Elon Musk: Model X doesn't have a door problem

tesla model x
The Model X is expected to roll out late next year.

One of Tesla's (TSLA) biggest fans on Wall Street is worried about the fancy doors on the electric car maker's new Model X. But outspoken CEO Elon Musk says the company is sticking to its Falcon door design.

Morgan Stanley (MS)analyst Adam Jonas cut his outlook for sales by two thirds for Tesla's SUV-style Model X -- to 5,000 from 15,000 previously. Jonas also sliced Tesla's earnings expectations for next year by almost half.

It's one more hit for the Model X, which has already been delayed by a few months. Jonas said in his report published Wednesday that among other things, the car's "falcon wing doors" could be challenging to produce on a large scale. The falcon wing doors on the car open upward and were a hit when they were revealed two years ago.

The report raised speculation that Tesla may scrap plans to have falcon doors on the Model X, prompting a response from CEO Elon Musk on Twitter (TWTR).

"Rumors about canceling Falcon wing doors are false," Musk wrote. "At Tesla, the production car will always be better than the show car."

Musk added that he thinks it's "so lame" when car companies have "awesome" prototypes at car shows but fail to deliver an equally awesome product.

Jonas stands by his concerns even though Tesla has insisted that the falcon doors aren't that difficult to to produce. Tesla says its customers want the Model X to have the distinctive doors and that it has not been developing any alternative designs.

Earlier this month, Tesla said it was pushing back the launch of the Model X by a few months in order to do more testing. It now expects to begin delivering the new SUV-style car in the third quarter of 2015.

Musk acknowledged at the time that the delay will hurt Tesla in the short run, but argued that it's better in the long run to wait for a product that will "delight customers."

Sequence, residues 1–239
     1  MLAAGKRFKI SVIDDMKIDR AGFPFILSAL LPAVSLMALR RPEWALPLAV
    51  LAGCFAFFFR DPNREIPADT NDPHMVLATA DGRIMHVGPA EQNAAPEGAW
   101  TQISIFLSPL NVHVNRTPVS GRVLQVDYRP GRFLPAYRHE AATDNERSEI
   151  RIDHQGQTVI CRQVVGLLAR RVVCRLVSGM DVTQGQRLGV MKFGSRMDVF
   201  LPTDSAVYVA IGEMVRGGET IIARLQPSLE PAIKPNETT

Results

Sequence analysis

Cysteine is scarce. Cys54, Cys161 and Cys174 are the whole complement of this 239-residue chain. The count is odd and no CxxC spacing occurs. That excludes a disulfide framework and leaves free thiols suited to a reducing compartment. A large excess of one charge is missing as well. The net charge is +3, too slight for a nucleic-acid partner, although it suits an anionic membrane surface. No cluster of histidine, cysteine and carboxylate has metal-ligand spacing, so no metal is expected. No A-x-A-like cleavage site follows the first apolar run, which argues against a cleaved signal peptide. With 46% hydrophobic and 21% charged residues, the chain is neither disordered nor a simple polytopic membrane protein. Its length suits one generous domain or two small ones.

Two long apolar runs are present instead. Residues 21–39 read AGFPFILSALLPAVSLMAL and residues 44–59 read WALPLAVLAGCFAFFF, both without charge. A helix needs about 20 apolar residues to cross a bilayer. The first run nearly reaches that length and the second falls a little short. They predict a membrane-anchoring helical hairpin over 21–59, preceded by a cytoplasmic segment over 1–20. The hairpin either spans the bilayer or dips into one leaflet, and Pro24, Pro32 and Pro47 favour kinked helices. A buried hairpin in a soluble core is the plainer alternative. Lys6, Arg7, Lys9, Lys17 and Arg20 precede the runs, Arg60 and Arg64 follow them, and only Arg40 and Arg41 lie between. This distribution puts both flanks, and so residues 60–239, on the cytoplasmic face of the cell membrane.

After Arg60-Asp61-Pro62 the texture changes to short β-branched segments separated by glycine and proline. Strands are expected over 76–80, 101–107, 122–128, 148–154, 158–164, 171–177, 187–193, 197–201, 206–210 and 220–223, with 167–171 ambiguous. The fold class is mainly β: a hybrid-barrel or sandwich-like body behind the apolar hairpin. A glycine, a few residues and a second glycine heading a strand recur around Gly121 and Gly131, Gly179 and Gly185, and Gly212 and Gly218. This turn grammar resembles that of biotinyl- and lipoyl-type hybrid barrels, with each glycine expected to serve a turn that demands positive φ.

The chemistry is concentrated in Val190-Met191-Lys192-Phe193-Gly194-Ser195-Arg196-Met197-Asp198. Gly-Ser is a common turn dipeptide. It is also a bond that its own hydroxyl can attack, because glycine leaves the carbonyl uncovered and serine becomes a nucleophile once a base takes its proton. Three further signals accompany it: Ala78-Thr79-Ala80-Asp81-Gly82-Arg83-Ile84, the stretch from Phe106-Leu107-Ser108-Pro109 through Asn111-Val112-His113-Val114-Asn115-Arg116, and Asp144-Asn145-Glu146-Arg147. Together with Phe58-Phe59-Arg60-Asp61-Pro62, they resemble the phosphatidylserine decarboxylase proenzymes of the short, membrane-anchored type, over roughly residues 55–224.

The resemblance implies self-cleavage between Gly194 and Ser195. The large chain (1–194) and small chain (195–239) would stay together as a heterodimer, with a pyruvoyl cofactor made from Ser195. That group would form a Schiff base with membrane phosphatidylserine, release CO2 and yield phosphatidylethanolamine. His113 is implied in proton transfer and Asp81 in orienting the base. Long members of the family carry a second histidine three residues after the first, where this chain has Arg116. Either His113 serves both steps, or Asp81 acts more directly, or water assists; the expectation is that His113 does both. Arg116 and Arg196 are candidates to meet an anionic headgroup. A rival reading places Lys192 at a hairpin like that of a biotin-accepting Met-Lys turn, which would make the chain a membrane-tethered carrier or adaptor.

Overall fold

"There are many other companies that do not follow this philosophy that may be a more attractive home for investor capital," Musk wrote in a letter to shareholders. "Tesla is not going to change."

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The analyst said his concern for the doors stem from the fact that the doors will have double hinges, a feature that has never been used before in doors that open upwards.

All that being said, it doesn't mean that Jonas is bearish on the stock -- he still recommends buying it.

Jonas has been one of the biggest believers in Tesla on Wall Street. He rates the stock "overweight" and has a price target of $320 per share.

Tesla shares were down 3% to about $249 Wednesday afternoon.

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While he's still optimistic about the company in general, Jonas expects the Model X delays and reduced sales to weigh on Tesla's earnings next year.

Jonas has slashed his forecast for the company's earnings for next year to $2.45 per share, down from $4.39. On average, Wall Street analysts expect Tesla to earn $2.99 per share in 2015.

"We believe the Model X is critical to the Tesla story and execution on this product is critical," the report said.

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